On the way back I swam up to a sun bathing Seal Lion and took a few underwater photos. He was looking right at me just chilling and taking in the sun. True CA breed! Unfortunately, I just missed my dolphins. They were out there with us; I just didn't get to see them. Glad they showed for the occasion! But it was time for some grub. We headed over to Bubba's for some great pulled pork and drinks. We got to sit and gossip like school girls for a few hours and then it was my time to depart. I had such a wonderful day with Anne and Gracie. I was so psyched they would be coming on the boat with us for the swim. These are the exact personalities I need on the team!
Saturday was my day with my parents. Dad has never been to CA so I decided to give him a "European Christmas Vacation" style tour of CA. Man, if their cameras weren't up and ready, they missed the shot! We started in Santa Monica and Malibu. Gorgeous Coast line but all the development took away from the natural beauty. Next up we went to Venice Beach, Manhattan Beach (which they LOVED), Huntington Beach, Sunset Beach and finally Long Beach. It was 5 hours of driving but a great day. We stopped in Huntington for lunch at Duke's and Ice Cream. My mother said that I always swam my best if I had Ice Cream the night before (mom's know everything). Finally we were all exhausted. l had a Catalinaversery dinner to get to for David Barra. His entire crew was out in CA so he decided to get everyone together for the anniversary of his swim. I rushed back to the hotel, changed and a got back on the road.
I drove back to Venice Beach to meet up with David Barra and his Catalina crew for dinner to celebrate David's amazing 16-hour swim last year. A true testament to his physical and mental strength!!! David became the 40th person to complete the Triple Crown and did it in spectacular fashion. He swam all three swims in less than 3 months. INCREDIBLE!!! Dinner was so much fun. Beth Barnes (Kayaker) came with Lynne Cox (modern day pioneer in open water swimming, and one of my role models. I read Lynne’s book for my first open water swim.) Roz and Harris, friends and crew for David, were there along with John Huminek, David's wife Clare and I. It was such an amazing evening! What a great group! We got a pre-view from Lynne about her next book; we got the pleasure of catching up with Beth, Roz and Harris. It just was an A+ evening! But the fun had to come to an end. We were all exhausted and tomorrow night was my planned swim.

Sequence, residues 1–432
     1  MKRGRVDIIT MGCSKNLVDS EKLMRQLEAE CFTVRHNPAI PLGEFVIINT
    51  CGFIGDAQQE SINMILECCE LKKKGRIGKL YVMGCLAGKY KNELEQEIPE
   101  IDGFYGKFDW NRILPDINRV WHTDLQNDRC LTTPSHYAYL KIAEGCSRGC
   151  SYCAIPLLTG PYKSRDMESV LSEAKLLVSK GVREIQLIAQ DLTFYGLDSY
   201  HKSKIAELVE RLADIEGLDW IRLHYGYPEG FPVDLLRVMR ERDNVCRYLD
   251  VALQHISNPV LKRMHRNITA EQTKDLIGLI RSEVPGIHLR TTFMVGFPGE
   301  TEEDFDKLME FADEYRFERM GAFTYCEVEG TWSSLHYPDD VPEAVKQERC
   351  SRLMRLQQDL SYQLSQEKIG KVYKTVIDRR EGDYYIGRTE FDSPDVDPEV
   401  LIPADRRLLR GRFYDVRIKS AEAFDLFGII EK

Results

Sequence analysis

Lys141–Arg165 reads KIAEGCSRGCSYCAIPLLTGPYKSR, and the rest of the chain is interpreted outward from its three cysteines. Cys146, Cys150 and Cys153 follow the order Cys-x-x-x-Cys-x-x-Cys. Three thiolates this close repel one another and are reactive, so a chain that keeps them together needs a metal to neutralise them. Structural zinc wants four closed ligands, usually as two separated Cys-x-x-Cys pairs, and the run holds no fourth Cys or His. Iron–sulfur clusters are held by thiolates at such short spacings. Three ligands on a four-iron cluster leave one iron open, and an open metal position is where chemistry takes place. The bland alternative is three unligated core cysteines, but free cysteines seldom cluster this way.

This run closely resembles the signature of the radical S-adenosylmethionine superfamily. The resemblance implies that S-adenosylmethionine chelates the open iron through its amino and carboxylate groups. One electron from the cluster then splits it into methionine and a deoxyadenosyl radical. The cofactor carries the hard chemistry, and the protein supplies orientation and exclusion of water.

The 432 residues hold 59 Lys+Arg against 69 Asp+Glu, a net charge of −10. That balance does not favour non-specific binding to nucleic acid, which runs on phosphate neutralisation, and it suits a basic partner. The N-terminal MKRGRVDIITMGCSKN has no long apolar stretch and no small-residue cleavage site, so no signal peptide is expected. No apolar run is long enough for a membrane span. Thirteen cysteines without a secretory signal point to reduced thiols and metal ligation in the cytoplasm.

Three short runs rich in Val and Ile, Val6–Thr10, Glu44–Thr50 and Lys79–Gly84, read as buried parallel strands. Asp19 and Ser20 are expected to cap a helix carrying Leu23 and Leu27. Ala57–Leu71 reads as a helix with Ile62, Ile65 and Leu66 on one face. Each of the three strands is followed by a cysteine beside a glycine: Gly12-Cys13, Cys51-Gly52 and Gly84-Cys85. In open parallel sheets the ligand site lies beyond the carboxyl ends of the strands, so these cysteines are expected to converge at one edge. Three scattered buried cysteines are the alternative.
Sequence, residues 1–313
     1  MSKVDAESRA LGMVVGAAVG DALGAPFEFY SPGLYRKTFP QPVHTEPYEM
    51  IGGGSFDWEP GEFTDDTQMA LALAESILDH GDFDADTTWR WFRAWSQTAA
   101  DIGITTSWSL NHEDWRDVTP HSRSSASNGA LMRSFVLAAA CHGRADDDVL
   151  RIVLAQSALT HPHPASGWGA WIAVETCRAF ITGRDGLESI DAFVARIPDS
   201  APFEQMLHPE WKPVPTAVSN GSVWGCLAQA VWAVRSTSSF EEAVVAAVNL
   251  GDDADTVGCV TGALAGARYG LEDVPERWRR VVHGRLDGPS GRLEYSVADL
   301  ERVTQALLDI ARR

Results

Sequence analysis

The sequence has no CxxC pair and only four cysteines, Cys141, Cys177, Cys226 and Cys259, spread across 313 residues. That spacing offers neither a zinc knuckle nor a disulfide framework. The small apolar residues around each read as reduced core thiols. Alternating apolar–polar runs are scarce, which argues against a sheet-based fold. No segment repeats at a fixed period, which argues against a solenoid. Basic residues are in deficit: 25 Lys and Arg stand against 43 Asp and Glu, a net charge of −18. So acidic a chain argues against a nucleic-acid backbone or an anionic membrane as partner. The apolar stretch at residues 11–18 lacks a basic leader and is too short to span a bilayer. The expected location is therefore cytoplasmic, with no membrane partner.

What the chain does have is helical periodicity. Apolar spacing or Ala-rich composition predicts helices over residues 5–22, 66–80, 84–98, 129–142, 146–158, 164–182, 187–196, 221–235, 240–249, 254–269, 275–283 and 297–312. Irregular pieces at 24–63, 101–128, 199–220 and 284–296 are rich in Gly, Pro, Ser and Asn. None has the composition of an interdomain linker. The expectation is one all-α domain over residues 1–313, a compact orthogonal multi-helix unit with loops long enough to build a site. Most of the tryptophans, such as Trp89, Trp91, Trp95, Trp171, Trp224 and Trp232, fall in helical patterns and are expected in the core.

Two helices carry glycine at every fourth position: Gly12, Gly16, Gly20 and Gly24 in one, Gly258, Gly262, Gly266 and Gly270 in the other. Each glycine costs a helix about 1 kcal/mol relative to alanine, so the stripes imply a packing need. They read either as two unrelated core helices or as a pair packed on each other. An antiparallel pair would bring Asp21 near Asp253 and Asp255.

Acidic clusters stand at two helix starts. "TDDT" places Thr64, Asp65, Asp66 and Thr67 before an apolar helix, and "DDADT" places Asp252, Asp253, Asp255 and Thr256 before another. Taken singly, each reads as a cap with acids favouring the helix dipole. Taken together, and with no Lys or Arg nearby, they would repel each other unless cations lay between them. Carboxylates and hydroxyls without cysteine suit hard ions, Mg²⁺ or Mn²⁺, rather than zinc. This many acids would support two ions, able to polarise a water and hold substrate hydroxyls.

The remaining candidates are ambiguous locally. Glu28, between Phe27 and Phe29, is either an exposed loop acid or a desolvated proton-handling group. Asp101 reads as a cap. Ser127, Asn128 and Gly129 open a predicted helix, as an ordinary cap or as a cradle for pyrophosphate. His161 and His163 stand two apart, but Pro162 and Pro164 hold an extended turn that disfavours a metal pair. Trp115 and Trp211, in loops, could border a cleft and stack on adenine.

Game day!!! I had confirmed with John, meet the boat around 7/8pm, launch at 9pm, and drop at 11pm. I spent the day in bed sleeping. Honestly, I don't think I have slept so much in a single day since I had mono! I wanted to make sure I was fresh as possible for an overnight swim. Finally 6:30pm arrived along with all of my crew. The plan was to review the feeds, schedules, medications, roles, basically everything that everyone would be doing on the boat. I went through my agenda and tried to give them as much possible info about me as a swimmer as possible so they knew what to expect (that's half the battle). Questions were asked and answered and then the phone rang. The boat will be an hour and a half late getting back from the fishing trip. My first thought...will this affect the swim? Everyone assures me no so I go with the flow. Not at all upset because it gives me an additional hour and a half talking to my crew. They are all so awesome so just getting to hear their stories is entertainment enough.
Around 9:45 we all start moving down to the docks, the boat had just arrived and they were spraying it down from the trip. It would be another hour before we depart. I am surprisingly relaxed. I have learned that swims can be delayed for many reasons, you just have to go with the flow. We loaded the boat and next thing I know, other than the Captain, I am the only one on the boat awake. I'm actually thankful my crew is getting some down time to relax and I'm getting some alone time before the swim. It takes about 2 hours to get to the Island and by the time we arrive people are milling about starting to get everything ready. I am dressed and ready to go. First they need to get into place for the drop, next they have to get the kayaker in the water, and lastly they get back into place to drop me into the water. John Huminek will be doing his first leg with me at the beginning of the swim. The rules changed this year and a swimmer is only allowed 3 hours of support swimming. So we knew John would start me off with the first hour and David Barra and John would both get in the last half hour with David getting in for an hour when I was suffering at some point in the swim. I was standing there at the gate waiting for John and when he was ready it was time to go. We jumped in and swam to the Island right underneath the Boy Scout camp. I can not tell you how much kelp was in the water. It was like trying to swim over prickle bushes that had long vines that would get wrapped around your limbs. I couldn't put my face down because my goggles kept getting ripped off. We landed and John took a few photos before we got started. I stood there waiting for the horn and finally I hear Anne's voice yell, "What the hell are you waiting for, go!" I yelled, "No horn start?" she said, "No… go!” I started to laugh and said, "Ok, John, let's go!" We crawled over the kelp and made our way back to open water. I had to stop to clear the kelp out from my suit. Then the swim began. I was so thankful John was in with me for the start. That kelp experience in the pitch black alone would have been a lot for me to swallow.